Social media and some media outlets have reported that drinking hot water can kill the new type of coronavirus in the body.
The main message of the publications is as follows: “Before the coronavirus reaches the lungs, it stays in the throat for 4 days. During this time there is a sore throat and a cough. If you drink a lot of hot water or rinse your throat with hot water with salt, vinegar, lemon juice, the virus will go away.”
Strangely enough, this material with no scientific justification was circulated about 40,000 times from just one Facebook page.
The Fact Investigation Platform decided to study the “mythical” and scientifically proven properties of hot water.
Boiled water against coronavirus
The methods of treating coronavirus with hot water that appeared on social media platforms did not, in fact, remain only on social networks. Almost at the same time, the Malaysian Minister of Health advised the inhabitants of his country to drink not too hot water and thus protect themselves from the virus. The minister’s call incited debates in the country’s parliament, and various experts and the media focused their attention on the hot water issue.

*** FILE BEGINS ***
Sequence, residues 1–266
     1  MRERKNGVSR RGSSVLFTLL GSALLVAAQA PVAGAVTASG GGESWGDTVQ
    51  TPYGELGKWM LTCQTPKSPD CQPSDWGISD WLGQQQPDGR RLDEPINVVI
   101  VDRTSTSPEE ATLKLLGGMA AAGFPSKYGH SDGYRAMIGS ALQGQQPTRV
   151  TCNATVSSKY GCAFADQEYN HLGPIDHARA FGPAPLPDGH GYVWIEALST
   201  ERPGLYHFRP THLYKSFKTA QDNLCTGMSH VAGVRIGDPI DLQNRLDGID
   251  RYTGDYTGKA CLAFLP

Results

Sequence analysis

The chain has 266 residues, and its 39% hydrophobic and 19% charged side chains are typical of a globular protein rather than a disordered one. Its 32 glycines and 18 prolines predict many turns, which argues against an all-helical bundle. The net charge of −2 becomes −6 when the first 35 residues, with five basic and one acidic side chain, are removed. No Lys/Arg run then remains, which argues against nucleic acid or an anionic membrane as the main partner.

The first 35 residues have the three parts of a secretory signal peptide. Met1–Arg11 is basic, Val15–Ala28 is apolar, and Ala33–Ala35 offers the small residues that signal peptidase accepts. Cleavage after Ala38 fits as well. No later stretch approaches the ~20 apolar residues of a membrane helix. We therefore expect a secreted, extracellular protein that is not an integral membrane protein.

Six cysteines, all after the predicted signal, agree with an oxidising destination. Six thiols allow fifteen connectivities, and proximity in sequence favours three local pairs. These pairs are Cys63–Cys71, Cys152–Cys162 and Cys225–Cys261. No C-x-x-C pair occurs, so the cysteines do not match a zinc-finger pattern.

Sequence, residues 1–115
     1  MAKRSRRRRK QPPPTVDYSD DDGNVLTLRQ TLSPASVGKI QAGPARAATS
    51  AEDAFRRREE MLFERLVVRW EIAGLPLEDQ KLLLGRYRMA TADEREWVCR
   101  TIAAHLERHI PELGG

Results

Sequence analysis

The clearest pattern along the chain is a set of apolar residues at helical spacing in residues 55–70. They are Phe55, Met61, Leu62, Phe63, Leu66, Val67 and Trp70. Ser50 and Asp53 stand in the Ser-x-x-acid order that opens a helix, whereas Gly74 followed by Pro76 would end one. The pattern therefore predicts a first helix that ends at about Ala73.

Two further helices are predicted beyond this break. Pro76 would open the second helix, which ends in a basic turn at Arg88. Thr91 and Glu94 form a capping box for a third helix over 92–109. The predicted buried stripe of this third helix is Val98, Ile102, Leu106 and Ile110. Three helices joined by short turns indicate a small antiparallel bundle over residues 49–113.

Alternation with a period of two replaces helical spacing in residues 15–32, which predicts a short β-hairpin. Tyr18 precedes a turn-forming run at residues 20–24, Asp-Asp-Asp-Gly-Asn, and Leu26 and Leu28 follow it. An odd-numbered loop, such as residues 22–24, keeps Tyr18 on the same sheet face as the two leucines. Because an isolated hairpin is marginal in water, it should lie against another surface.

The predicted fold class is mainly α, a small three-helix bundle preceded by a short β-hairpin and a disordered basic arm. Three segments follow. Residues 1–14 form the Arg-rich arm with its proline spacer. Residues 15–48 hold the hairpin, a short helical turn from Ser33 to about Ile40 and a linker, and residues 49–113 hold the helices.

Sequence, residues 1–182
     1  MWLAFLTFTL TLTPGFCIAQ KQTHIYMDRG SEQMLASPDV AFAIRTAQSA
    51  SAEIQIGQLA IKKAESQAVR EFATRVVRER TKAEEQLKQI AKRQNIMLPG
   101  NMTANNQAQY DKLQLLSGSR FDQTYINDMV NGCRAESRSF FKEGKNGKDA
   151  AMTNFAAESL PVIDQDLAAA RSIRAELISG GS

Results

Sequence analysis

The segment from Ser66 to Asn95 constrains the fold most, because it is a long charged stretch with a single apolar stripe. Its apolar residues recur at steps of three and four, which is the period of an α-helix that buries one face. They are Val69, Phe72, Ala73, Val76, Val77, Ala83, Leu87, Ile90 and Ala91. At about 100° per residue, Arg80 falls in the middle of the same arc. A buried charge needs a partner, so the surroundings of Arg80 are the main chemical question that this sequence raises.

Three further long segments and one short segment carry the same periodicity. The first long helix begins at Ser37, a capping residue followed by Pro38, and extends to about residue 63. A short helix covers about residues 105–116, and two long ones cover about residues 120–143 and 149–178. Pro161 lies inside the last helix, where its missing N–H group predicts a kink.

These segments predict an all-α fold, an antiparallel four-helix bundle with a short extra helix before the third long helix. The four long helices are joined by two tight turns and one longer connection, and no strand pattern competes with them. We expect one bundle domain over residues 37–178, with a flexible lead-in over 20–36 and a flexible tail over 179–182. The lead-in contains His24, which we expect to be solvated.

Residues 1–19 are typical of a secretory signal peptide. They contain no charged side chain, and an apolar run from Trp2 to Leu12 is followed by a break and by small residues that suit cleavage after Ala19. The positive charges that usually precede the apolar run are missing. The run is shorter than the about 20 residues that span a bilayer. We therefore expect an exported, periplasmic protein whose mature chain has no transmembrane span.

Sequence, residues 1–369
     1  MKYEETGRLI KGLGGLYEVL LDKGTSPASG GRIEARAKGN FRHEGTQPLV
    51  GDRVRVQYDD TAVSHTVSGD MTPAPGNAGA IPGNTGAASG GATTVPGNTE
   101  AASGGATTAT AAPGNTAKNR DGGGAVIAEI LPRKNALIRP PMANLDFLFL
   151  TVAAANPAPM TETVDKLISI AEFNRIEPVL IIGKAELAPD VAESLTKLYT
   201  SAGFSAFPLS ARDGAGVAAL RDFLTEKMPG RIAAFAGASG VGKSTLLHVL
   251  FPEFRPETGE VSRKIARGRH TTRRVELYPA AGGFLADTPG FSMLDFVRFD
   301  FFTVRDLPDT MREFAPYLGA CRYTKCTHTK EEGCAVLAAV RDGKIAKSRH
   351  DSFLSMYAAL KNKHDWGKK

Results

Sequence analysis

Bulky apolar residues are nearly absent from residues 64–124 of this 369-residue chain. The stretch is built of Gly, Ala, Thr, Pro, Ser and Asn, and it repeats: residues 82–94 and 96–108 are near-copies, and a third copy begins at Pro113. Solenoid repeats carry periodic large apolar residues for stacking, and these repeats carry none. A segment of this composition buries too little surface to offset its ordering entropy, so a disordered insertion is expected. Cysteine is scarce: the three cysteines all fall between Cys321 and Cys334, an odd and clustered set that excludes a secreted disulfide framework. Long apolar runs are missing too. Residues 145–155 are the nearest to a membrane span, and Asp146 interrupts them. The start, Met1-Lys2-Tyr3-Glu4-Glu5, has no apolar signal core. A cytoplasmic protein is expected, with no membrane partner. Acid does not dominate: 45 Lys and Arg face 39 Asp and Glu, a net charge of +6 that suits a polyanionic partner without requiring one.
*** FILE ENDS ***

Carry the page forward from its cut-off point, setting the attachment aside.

Prior to the news of killing the virus with hot water, social media circulated materials about drinking water once every 15 minutes and constantly keeping the mouth moist in order to be protected from the virus. Specialists have repeatedly been convinced that water, and especially cold water, has beneficial properties for the body and at least cannot be harmful. However, hot water does not protect against coronavirus. The previous type of coronavirus, SARS, for example, resisted up to 56 degrees. But drinking water at that temperature or bathing in hot water does not affect a person’s internal temperature in any way and cannot raise it. On the other hand, high temperature bathing can damage the body and cause burns. The World Health Organization also reports that drinking hot water cannot be helpful in the fight against the coronavirus.
The same is true of other methods mentioned in the publication: lemon water, vinegar, and other remedies do not remove the virus from the human body and cannot help protect it. At least, there is no evidence to support this.